Oral Communication across the Curriculum
Ediger, Marlow, Journal of Instructional Psychology
Proficiency in oral communication is necessary in school and in society. To do well in the different curriculum areas, pupils must speak with clarity and understanding. For example, in a discussion group in the social studies involving the topic "the pros and cons of raising taxes," pupils need to express knowledgeable ideas with appropriate voice inflection in stress, pitch, and juncture (pauses), including a proper pace. Listeners need to be able to comprehend what was communicated orally (semantics). The oral content may lack proper word order (syntax) which makes comprehension difficult.
The teacher must diagnose diverse types of errors in oral communication and provide objectives and learning opportunities which strengthen oral communication procedures (Ediger, 2011).
Teaching and Learning in Oral Communication
There are a plethora of learning opportunities involving oral communication which should assist pupils to do well in each academic area. These activities need to be goal centered. Thus, there are needed speaking skills which all need to embrace in communicating effectively. First of all, pupils need to be helped to perceive purpose in developing oral communication skills. These are not routine, nor done for the sake of emphasizing quality communication, but rather to assist pupils to communicate effectively. The receiver must be able to attach meaning to what the sender intends in communicating messages. Thus, much responsibility rests upon the pupil to send clear content. He/she must see reasons for engagement which might consist of an oral report, for example, about becoming a master craftsman, involving three stages of achievement (apprentice, journey man, and master) in a unit on the Middle Ages. The learner might have selected this topic in guild membership due to personal interests in making a product of that time. Criteria such as the following ,based on developmental needs, should be stressed emphasizing fluency in orally presenting ideas:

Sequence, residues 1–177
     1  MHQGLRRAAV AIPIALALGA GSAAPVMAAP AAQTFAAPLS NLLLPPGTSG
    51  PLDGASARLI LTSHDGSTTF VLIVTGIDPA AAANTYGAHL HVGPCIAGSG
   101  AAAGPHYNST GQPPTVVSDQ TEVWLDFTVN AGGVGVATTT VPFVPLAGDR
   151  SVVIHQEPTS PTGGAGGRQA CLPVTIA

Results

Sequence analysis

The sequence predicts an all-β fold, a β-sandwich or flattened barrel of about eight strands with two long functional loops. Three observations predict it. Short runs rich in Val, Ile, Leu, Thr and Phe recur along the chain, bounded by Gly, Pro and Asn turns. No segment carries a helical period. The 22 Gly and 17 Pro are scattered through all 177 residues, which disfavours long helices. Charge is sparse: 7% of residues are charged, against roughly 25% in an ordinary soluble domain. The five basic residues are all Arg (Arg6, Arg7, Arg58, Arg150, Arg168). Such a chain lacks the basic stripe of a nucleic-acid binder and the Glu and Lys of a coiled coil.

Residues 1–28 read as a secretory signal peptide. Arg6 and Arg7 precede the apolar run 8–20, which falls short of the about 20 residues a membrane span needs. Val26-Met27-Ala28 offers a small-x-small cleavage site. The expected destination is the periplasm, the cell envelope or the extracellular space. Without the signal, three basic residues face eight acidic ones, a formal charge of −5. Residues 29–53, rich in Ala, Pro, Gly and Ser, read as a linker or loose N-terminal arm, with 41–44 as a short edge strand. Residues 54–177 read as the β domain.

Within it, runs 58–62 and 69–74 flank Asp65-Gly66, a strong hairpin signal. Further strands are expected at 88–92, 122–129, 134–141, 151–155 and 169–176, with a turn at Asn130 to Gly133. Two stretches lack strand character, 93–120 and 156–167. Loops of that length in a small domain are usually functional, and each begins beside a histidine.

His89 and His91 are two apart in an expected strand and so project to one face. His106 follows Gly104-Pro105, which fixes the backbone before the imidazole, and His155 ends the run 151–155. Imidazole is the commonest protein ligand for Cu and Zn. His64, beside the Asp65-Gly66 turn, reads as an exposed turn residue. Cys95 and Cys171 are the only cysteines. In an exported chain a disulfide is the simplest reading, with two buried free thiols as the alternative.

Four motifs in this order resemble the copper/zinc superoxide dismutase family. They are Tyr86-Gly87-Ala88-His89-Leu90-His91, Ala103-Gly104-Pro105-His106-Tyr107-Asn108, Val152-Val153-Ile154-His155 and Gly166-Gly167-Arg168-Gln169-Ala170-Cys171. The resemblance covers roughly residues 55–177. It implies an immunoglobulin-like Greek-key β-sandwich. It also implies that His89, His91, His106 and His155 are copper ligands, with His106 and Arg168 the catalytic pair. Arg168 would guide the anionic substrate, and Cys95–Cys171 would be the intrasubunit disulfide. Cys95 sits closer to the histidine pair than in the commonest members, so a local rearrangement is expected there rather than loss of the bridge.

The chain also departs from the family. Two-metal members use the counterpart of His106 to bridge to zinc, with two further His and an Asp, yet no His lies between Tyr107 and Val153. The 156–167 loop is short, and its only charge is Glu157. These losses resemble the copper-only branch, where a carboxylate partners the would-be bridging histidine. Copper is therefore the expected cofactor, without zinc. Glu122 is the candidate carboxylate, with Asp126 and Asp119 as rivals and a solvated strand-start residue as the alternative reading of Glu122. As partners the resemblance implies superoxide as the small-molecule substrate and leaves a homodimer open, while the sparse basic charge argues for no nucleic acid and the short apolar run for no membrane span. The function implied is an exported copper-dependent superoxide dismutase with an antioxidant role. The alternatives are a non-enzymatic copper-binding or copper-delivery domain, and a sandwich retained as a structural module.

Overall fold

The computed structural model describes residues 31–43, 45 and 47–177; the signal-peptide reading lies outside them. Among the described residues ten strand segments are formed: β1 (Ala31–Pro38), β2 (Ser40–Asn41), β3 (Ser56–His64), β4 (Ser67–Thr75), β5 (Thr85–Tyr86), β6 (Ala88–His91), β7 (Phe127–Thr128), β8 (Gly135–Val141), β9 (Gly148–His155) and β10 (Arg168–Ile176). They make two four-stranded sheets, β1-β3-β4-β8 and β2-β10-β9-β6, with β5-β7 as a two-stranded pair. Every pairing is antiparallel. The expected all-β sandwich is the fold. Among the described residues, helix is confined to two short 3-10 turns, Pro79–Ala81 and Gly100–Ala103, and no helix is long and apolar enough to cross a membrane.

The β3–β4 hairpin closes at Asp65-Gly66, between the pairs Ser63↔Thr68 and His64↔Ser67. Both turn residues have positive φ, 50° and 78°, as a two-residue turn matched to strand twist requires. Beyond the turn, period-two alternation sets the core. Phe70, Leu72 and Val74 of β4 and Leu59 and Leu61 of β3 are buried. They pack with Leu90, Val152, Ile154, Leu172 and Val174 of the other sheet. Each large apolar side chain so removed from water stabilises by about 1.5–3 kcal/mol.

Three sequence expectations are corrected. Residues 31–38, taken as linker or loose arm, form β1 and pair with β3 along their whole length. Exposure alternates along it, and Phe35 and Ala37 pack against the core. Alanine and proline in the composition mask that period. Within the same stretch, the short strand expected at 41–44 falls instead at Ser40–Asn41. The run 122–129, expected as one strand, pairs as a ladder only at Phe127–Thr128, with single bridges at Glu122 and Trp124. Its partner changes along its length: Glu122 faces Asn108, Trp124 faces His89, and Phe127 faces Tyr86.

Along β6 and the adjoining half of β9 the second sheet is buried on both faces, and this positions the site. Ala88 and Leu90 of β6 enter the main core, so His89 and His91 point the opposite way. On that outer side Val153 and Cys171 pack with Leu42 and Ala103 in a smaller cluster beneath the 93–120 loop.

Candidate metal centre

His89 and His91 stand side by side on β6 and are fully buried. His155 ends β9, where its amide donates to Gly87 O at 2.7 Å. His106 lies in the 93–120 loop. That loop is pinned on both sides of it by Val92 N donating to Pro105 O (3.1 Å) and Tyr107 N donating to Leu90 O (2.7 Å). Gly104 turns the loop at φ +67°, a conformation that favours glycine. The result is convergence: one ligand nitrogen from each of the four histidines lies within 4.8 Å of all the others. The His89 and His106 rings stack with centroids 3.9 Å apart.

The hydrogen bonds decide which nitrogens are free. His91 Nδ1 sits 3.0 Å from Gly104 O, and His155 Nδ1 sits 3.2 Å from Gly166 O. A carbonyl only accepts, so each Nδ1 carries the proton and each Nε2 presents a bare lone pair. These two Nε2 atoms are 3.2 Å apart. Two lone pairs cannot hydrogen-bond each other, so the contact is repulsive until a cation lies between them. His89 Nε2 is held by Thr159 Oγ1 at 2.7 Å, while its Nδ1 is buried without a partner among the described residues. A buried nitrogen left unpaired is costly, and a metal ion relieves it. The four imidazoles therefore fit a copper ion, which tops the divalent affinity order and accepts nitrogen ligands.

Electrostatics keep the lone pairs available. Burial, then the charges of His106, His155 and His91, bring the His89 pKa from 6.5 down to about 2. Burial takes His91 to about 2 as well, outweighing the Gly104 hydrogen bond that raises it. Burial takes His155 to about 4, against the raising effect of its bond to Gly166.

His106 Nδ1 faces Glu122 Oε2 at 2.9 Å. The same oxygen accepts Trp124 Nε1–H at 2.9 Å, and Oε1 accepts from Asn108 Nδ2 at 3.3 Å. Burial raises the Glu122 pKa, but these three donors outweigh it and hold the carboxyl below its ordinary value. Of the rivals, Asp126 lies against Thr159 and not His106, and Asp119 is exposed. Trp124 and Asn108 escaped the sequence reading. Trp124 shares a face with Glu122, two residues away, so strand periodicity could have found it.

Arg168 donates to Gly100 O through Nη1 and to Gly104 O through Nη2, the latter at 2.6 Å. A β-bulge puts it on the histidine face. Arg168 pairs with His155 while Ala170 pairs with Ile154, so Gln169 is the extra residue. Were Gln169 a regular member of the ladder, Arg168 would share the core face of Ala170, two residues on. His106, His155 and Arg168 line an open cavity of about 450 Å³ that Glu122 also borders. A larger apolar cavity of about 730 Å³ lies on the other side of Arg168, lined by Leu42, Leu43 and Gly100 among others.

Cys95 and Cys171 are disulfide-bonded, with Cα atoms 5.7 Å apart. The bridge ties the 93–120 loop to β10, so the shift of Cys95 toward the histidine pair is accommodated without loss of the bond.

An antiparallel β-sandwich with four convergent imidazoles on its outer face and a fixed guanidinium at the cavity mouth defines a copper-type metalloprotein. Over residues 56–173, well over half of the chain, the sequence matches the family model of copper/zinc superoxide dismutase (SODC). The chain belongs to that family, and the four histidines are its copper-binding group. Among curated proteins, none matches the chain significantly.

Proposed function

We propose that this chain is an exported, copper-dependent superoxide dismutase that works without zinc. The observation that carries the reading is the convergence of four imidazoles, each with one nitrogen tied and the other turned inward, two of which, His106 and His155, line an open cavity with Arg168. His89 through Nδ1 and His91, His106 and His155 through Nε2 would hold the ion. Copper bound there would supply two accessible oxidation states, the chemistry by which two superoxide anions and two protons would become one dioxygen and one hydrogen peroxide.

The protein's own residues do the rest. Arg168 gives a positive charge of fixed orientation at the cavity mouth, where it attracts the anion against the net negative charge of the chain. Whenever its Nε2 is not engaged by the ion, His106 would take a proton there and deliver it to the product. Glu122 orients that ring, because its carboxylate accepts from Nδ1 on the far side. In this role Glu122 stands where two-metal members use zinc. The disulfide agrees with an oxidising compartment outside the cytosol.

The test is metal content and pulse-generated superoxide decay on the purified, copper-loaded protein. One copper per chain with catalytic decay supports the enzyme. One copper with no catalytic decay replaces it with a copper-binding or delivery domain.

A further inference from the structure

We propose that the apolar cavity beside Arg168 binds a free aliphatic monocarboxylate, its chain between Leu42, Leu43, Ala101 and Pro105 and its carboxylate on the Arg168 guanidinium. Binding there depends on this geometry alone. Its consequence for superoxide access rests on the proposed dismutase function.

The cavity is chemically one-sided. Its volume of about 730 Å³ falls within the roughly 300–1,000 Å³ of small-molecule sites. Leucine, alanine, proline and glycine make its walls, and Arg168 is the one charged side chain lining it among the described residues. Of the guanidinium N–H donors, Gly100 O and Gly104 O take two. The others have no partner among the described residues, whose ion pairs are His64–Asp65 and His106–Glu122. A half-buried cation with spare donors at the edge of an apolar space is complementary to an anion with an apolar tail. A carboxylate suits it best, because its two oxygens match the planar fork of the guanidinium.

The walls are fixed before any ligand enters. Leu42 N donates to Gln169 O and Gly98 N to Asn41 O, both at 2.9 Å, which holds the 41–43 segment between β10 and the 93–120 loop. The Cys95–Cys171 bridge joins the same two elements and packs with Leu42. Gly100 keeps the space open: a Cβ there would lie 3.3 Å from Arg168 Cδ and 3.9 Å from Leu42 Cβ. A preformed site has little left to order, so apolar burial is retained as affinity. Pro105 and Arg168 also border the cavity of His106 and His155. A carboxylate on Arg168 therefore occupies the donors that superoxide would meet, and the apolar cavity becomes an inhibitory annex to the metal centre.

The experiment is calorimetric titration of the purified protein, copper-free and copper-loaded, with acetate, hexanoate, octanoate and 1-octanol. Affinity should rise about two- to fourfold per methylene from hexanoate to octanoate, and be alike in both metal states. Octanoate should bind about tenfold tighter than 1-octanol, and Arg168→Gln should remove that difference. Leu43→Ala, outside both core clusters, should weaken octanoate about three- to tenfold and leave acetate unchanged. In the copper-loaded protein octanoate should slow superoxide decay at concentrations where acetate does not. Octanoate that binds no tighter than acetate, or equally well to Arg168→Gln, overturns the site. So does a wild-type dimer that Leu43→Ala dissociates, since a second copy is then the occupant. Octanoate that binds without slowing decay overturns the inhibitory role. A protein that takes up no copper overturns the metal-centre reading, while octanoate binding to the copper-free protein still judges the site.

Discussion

* developing and using an outline to present sequential subject matter
* having the subject matter well in mind when reporting to pupils
* using voice inflection and quality pacing to encourage listening (Ediger, 2011).
Excessive criteria should not be used at one time to assist pupils in listening. A few relevant criteria may well provide the right ingredient to assist pupils in good listening habits.
Second, high pupil involvement in an activity assists learners to attend and listen carefully to the thinking of others. Thus, within a science unit of study, pupils with teacher guidance might develop an experiment on air taking up space. Cooperating planning may include a crushed tissue paper placed inside an inverted tumbler. All need to see the occurrences clearly and raise questions when necessary. The inverted tumbler is then placed inside the classroom aquarium which is filled with water. Pupils then hypothesize as to what will happen to the crushed tissue paper. Each hypothesis is recorded pertaining to the one variable in the experiment. …